There's no need to wonder. Last Saturday, in the fifth inning of a game between the Oakland A's and the Texas Rangers at Network Associates Coliseum, a man in the stands threw a cellphone at Rangers outfielder Carl Everett and hit him in the back of the head. And in September 1999 a 23-year-old man in Milwaukee jumped into rightfield and attacked the Houston Astros' Bill Spiers, bloodying his nose and giving him whiplash.
Baseball may be the most bruised by such episodes, but no sport has avoided instances of fans' getting too close to the athletes for comfort. One night last month at Madison Square Garden the designer Calvin Klein got up from his courtside seat, ambled over to Knicks swingman Latrell Sprewell—who was about to inbound the ball—and muttered to him before security arrived. "Behind the bench in some places, fans could just jump right out," says Kings forward Chris Webber. "They'd get stopped, but only after they inflicted some pain."
The NFL has never had an on-field intrusion like November's at a Canadian Football League game in Winnipeg, when a 22-year-old construction worker leaped on the back of British Columbia Lions cornerback Eric Carter in the waning seconds of the match. Still, even the best-oiled security machine breaks down. On Jan. 11, just before halftime of the Eagles-Falcons playoff game at Philadelphia's Veterans' Stadium, a New Jersey exterminator named Daniel Flagg asked a security guard how to get down on the field. "Yo, when I turn my head, I don't see anything," the guard said. Flagg ended up in front of the Eagles' bench. He sat down next to running back Duce Staley, then next to quarterback Donovan McNabb. "I could've punched [ McNabb] in his face," says Flagg. "I just wanted to meet him. The next guy could be crazy."
Since 1993, of course, no sport has wrestled more with that possibility than tennis. The NASDAQ-100 tournament in Key Biscayne, Fla., received death threats against chairman Butch Buchholz and player Boris Becker in the mid-'90s, and a man stalking Martina Hingis was arrested there in 2000. In the last decade four No. 1 players have faced nightmare scenarios: Parche had harassed Graf before Seles; Hingis's stalker, Dubravko Rajcevic, was sentenced to two years in jail; and last summer police in both London and New York City arrested Albrecht Stromeyer, who had trailed Serena Williams for months. In New York, Stromeyer pleaded guilty to fourth-degree stalking and was discharged.
Players say protection is especially weak at smaller tournaments, but they also point to security breakdowns at the majors, such as last year's Wimbledon, where interlopers twice made it onto Centre Court. "We walk out [alone] toward the practice court, and everybody knows where we practice," Lindsay Davenport said in March at the Indian Wells ( Calif.) tournament. "Every tournament is like that. At the Australian Open we were walking out to the court for doubles matches by ourselves. Nobody escorted us."
Seles hesitates to speak about the issue. She doesn't want to sound shrill or to give ideas to some half-wit. "For me it's a no-win situation," she said last month at the NASDAQ-100. "But they have to do something. We have venues that are horrible."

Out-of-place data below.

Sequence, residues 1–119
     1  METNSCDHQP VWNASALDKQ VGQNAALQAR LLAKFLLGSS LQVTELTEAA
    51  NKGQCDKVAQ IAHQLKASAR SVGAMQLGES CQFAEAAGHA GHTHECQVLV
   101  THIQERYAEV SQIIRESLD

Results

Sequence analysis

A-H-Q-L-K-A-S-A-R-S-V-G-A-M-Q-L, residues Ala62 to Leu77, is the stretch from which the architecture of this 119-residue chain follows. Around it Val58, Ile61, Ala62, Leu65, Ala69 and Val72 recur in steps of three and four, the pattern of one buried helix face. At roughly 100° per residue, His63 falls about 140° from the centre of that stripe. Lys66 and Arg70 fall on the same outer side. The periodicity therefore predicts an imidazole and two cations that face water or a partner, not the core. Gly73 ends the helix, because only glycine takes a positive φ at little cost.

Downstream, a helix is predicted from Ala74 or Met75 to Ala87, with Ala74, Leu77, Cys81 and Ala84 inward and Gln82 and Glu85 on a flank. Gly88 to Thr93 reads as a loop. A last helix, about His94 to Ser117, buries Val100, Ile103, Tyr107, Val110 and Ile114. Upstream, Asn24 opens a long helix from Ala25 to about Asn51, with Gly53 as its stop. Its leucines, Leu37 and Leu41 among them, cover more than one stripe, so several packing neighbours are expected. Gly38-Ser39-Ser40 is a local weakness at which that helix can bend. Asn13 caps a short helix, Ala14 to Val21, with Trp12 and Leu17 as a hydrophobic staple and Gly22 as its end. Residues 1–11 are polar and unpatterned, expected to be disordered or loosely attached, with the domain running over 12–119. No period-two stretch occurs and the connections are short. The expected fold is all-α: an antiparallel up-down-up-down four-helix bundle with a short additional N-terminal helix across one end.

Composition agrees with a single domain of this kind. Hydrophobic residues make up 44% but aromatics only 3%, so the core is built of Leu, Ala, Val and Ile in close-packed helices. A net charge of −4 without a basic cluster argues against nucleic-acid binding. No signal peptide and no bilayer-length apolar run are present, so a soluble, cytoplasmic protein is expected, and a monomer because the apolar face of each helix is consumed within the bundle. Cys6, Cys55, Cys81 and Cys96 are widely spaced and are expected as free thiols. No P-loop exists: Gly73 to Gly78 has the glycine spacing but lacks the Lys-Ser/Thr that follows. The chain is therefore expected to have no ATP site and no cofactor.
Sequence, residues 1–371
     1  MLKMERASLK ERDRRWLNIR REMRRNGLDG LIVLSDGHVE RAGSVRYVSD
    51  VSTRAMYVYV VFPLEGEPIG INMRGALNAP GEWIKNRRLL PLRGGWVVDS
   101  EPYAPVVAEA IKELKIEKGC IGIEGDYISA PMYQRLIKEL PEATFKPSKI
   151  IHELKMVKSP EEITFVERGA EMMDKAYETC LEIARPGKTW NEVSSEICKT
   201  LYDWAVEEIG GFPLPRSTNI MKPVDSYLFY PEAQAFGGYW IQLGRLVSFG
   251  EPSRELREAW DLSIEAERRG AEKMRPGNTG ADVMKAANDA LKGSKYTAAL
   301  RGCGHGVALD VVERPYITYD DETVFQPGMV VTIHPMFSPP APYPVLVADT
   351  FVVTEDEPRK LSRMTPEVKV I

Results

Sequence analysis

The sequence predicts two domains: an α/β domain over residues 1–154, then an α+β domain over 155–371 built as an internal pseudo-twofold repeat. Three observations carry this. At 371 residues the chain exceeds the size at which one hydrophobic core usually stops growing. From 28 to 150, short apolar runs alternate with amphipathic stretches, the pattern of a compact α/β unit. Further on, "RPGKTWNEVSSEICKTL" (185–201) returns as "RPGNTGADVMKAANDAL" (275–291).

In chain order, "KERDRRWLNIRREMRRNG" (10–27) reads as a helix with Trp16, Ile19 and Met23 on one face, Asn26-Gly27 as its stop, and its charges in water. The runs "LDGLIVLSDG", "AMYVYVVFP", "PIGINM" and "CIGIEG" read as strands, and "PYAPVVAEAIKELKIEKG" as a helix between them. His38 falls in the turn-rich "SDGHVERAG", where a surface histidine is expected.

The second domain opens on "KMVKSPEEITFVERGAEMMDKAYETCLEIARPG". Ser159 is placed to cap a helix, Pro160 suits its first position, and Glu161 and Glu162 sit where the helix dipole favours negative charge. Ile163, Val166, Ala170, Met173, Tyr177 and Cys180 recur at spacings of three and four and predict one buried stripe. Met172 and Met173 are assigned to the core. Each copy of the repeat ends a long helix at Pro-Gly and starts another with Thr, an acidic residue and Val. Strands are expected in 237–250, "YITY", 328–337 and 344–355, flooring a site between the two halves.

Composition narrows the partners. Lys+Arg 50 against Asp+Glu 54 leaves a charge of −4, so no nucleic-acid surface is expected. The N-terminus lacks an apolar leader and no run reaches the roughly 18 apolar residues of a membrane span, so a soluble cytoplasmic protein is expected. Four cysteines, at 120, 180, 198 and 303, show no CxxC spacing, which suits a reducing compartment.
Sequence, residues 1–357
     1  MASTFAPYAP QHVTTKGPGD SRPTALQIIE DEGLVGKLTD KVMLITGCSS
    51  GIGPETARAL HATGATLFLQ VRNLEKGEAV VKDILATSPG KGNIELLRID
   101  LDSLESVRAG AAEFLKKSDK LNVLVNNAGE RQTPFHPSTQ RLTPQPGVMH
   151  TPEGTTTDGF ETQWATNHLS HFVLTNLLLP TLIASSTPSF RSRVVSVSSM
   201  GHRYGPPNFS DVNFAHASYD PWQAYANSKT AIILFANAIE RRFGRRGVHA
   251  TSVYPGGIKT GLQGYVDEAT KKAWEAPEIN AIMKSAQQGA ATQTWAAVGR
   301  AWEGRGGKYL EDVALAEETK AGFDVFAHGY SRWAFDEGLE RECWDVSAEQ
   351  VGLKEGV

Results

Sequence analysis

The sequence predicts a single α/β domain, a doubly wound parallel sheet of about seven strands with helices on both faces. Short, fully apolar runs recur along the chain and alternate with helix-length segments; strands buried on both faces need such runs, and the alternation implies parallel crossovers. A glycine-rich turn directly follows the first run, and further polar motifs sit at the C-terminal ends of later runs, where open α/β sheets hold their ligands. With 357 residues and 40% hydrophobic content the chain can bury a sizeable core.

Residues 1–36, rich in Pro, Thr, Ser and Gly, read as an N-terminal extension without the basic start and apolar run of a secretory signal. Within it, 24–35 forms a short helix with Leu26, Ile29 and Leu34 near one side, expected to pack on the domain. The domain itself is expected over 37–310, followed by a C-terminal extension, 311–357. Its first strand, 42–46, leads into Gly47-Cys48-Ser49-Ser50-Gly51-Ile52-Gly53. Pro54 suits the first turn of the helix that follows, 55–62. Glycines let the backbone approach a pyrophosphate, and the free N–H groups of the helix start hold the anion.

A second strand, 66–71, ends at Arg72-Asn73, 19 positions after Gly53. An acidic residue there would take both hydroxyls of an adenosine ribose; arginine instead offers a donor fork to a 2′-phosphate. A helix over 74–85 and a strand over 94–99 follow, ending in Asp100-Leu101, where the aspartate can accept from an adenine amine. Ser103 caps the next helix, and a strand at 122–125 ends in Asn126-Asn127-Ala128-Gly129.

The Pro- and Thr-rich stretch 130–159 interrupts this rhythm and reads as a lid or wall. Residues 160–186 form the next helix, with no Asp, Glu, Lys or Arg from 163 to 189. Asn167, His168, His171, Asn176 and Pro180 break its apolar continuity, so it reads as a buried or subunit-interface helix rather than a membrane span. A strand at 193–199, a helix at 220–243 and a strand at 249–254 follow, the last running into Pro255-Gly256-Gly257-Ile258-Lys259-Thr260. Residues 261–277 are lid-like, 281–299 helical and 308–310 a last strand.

The most vulnerable athletes, according to security experts, are golfers. The size of the courses, the porousness of their perimeters and the proximity of fans present challenges that no other sport faces. "Golf allows spectators around the greens, the fairways, and there are no barriers," says Richard Bower, who provides security for Indian Wells and for golf tournaments in Palm Springs, Calif. "It's wide open."
It's not an issue the PGA Tour cares to discuss. Understandable: The Tour is charged with protecting Tiger Woods, who has spent most of his career shadowed by guards. In 1997 someone made a much-publicized death threat against him before the Masters, and rumors of similar threats have been common ever since.
On fairways Woods is fairly easy to protect. He doesn't chat with fans, he walks away from the ropes, he rarely stops moving. On the first day of this year's Masters, however, Woods had to stop. Rain canceled play on Thursday, and Friday's combined first and second rounds caused backups on every tee. Woods, who had received yet another threat, was pinned down and close to the crowd. Two beefy men had been assigned to protect him. "It's the same thing every year," said an official with the Augusta sheriff's department. "Some idiot phones in a threat, and we've got to walk with him."
Add to that the usual Masters detail of Pinkerton guards and a contingent of plainclothes agents mixed into the crowd. Yet when Woods walked to the 4th tee, which was flanked on two sides by hundreds of fans, no guard walked the five-foot stretch between Woods and the spectators. At the 6th tee Woods sat on a split-log bench, his back just two feet from the only barrier: a pencil-thin green-and-white rope. The crowd pressing behind him was an arm's length away. From there it was easy to study the stitching in Woods's black cap. It was easy, for long minutes, to study his back as it rose and fell with his breathing.